If I were going to have my baby the normal way, I'd be getting excited now. I've been having contractions on and off since yesterday. Nothing strong enough or frequent enough to indicate a problem with the procedure, but just the usual "39 weeks pregnant, body is gearing up to do its job" kind of contractions. Makes me wonder if I'll make it through until Monday, but we'll cross that bridge when we come to it. Sometimes people have pre-labor for weeks.

I'm trying really hard to focus less on me and more on the baby. When I'm out at stores or restaurants or wherever, people all want to know when the baby's due . When I tell them "in a week" they all say "Oh, you must be so excited." And I know I'm supposed to be excited. But I haven't been excited since I found out about Little Bean being breech. I've been focused, and dedicated, and perseverant, but I put being excited about my birth and my baby on hold. I had just started being excited about it when we got the news. Before that I'd still been so enraptured by being pregnant, that I wasn't reallly looking ahead to what came after. But around 37 weeks, once I was full-term and knew it would be safe if the baby came, my excitement and desire to meet Little Bean started to creep ahead. Then it all came to a crashing halt, and I'm having trouble jump-starting it again.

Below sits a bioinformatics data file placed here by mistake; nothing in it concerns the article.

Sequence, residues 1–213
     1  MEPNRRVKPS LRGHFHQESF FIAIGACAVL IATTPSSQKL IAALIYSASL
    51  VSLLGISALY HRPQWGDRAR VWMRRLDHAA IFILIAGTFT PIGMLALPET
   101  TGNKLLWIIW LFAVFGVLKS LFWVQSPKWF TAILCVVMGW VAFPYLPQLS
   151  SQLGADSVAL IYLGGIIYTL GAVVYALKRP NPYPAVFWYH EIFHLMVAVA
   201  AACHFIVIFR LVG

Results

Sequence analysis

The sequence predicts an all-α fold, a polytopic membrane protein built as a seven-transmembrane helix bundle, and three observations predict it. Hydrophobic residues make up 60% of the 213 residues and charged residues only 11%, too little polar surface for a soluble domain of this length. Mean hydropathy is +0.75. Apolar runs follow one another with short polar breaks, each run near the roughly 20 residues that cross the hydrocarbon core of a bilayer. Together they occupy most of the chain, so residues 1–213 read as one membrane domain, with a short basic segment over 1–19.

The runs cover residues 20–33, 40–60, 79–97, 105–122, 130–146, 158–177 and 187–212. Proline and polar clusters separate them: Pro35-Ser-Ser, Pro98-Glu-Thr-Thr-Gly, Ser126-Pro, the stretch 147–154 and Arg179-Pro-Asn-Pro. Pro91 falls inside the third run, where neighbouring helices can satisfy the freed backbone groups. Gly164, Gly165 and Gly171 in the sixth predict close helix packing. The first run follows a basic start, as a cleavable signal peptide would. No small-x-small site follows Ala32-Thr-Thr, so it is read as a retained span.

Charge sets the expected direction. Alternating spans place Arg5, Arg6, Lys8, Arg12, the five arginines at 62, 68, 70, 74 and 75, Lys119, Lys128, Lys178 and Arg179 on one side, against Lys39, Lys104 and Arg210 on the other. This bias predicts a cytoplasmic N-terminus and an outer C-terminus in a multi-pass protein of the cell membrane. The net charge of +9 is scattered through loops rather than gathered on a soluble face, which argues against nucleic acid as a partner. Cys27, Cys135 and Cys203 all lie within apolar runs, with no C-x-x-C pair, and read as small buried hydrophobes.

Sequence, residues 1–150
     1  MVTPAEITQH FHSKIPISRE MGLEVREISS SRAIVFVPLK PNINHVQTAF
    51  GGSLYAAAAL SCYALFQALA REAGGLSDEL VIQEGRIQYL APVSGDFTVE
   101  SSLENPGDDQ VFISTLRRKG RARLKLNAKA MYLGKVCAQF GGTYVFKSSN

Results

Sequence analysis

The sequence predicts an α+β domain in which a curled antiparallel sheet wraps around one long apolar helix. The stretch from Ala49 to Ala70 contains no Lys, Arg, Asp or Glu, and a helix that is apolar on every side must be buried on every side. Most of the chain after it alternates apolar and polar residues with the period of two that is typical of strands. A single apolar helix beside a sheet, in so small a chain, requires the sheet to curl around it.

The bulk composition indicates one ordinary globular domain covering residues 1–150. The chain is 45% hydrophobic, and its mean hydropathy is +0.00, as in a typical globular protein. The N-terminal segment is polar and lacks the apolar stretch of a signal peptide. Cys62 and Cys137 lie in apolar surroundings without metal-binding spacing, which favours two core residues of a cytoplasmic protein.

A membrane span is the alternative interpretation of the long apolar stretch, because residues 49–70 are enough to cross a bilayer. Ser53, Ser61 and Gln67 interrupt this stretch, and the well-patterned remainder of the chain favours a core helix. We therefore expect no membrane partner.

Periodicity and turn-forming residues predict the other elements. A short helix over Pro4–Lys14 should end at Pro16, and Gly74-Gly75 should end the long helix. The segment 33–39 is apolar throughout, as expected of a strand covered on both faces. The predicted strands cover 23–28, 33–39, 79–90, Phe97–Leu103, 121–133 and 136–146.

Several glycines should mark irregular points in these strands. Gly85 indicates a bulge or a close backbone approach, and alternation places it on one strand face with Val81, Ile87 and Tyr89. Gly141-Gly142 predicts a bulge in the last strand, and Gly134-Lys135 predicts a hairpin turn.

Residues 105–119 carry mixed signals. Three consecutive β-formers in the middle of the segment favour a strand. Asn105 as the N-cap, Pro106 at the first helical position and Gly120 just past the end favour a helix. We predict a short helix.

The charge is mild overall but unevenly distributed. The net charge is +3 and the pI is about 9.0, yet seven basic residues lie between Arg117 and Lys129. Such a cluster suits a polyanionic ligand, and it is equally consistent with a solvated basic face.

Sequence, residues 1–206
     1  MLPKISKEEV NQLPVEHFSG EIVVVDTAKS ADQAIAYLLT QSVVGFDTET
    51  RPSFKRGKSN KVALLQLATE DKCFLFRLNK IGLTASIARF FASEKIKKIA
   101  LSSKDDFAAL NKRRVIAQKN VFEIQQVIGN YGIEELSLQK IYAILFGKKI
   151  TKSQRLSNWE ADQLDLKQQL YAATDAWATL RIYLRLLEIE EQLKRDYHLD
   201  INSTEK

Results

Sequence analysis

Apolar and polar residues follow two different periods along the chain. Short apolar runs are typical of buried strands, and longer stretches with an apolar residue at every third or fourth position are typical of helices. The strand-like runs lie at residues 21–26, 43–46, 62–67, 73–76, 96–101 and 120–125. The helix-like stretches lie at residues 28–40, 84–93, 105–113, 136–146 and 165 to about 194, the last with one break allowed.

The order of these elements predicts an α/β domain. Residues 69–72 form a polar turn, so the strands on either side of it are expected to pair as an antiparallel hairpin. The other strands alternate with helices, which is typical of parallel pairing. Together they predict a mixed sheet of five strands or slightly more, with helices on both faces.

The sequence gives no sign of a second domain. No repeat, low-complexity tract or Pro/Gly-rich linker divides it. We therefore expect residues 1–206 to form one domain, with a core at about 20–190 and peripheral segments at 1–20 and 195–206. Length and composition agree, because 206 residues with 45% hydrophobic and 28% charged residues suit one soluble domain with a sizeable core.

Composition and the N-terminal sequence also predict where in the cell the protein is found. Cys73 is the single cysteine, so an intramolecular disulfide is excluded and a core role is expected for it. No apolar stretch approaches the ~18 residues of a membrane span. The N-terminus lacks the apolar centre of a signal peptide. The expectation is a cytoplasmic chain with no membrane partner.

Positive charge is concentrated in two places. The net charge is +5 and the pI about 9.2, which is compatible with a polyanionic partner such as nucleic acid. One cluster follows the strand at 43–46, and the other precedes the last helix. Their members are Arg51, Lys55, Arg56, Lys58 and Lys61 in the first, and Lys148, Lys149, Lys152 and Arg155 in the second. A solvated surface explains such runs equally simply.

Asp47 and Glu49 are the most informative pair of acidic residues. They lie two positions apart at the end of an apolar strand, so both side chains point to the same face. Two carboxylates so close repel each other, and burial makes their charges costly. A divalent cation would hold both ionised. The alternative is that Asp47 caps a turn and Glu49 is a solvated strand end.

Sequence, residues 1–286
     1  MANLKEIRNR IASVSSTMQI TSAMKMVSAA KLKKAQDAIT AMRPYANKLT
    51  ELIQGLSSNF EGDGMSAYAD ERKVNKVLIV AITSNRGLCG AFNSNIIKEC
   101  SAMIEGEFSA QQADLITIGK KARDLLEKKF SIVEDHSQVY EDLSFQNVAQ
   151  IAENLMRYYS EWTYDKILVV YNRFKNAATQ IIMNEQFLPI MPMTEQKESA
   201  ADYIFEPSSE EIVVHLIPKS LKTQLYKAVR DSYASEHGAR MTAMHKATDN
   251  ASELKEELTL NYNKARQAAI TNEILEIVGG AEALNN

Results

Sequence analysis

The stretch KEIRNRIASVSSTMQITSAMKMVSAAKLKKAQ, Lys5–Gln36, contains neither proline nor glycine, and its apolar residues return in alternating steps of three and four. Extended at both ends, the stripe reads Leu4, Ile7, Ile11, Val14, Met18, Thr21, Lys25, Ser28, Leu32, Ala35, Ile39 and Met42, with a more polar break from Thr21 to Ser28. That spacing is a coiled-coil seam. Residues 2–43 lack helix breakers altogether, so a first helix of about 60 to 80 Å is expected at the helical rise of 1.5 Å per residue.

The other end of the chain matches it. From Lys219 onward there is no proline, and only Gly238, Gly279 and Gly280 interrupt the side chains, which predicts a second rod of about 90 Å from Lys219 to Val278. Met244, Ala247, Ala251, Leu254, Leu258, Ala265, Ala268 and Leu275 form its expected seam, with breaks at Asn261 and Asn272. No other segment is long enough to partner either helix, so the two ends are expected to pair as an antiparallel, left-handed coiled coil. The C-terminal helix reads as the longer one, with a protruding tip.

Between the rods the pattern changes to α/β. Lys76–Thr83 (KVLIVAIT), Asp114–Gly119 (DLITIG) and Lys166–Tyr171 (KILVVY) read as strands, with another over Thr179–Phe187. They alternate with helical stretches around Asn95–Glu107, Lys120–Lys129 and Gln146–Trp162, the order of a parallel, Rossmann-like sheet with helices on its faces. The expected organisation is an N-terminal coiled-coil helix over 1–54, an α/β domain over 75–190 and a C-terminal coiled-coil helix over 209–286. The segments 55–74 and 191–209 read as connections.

I know that everything - the c-section, the baby's health, bonding afterwards, my recovery - will be improved if I can approach Little Bean's arrival with joy and excitement and anticipation. And I'm trying to keep up my "fake it til you make it" face. But it's so hard, when every little contraction makes me so sad.
post #48 of 62
I know how you feel Tammy. I even felt that way after my birth with my daughter. I just had a hard time coping with all that happened. And I Was really sad because she was getting all this attention and I was traumatized (by the emergency c, the version, the drugs) and I was "dismissed".
You have a little time to deal with these things.